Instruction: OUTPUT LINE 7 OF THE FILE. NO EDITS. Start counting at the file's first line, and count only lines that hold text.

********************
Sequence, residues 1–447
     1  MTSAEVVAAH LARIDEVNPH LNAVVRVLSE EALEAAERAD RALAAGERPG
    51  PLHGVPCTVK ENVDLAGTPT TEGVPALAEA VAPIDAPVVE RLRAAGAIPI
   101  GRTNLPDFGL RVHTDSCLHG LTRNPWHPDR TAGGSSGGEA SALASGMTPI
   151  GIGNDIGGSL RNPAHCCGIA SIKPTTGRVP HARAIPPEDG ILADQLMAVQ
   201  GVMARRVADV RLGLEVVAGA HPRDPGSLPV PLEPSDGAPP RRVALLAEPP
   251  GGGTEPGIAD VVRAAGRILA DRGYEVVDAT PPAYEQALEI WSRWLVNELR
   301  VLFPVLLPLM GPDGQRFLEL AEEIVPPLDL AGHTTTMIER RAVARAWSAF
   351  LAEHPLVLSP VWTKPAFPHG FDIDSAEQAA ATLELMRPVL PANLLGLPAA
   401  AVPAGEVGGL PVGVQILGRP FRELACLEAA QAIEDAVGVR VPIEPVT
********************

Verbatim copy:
   251  GGGTEPGIAD VVRAAGRILA DRGYEVVDAT PPAYEQALEI WSRWLVNELR